You often hear the term basis pointsbps for shortin connection with bonds and interest rates. A basis point is one one-hundredth of a percentage point (.01). One percent = 100 basis points. One half of 1 percent = 50 basis points. Bond traders and brokers regularly use basis points to state concise differences in bond yields. The Federal Reserve Board likes to use bps when referring to changes in the federal funds rate.
Question: The Federal Reserve Open Market Committee announced it would raise the discount rate by 25 basis points. How much did the Fed raise interest rates?
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Where to Find Economic Indicators
Smart bond investors pay close attention to key or "leading" economic indicators, primarily watching for any potential impact they may have on inflation and, because there is a close correlation, interest rates. Various branches of the federal government keep tabs on many, but not all, of these leading indicators. Here are a few useful online resources:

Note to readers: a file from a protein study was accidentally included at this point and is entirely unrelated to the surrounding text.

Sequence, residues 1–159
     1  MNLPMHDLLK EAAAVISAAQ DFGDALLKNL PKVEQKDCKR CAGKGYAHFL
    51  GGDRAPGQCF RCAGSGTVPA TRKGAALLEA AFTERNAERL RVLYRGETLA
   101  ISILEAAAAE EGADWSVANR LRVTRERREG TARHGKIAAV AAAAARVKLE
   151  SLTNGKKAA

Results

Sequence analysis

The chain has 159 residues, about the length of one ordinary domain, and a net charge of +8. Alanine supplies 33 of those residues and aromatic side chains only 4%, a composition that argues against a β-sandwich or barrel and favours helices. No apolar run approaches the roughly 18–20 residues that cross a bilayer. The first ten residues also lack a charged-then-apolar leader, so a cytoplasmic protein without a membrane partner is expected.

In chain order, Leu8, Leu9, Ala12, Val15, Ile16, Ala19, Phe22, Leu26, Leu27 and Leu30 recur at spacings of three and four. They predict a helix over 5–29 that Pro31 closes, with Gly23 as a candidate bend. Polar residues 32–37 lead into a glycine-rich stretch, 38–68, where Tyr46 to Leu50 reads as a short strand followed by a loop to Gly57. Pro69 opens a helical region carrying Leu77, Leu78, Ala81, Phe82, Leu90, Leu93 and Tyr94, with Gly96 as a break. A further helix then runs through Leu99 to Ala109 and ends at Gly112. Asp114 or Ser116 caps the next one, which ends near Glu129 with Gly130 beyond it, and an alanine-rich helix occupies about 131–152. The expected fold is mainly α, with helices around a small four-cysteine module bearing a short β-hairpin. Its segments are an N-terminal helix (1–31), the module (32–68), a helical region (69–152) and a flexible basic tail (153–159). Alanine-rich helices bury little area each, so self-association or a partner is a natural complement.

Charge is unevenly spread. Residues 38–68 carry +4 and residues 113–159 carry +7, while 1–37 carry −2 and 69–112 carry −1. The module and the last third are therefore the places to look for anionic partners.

U.S. Census Bureau's Economic Briefing Room and Economic Calendar
U.S. Department of Labor, Bureau of Labor Statistics
The Conference Board's Economic Indicators
The Federal Reserve Board's calendar of Federal Open Market Committee (FOMC) meetings. The FOMC sets certain interest rates that are used by others in the bond market to determine all other interest rates.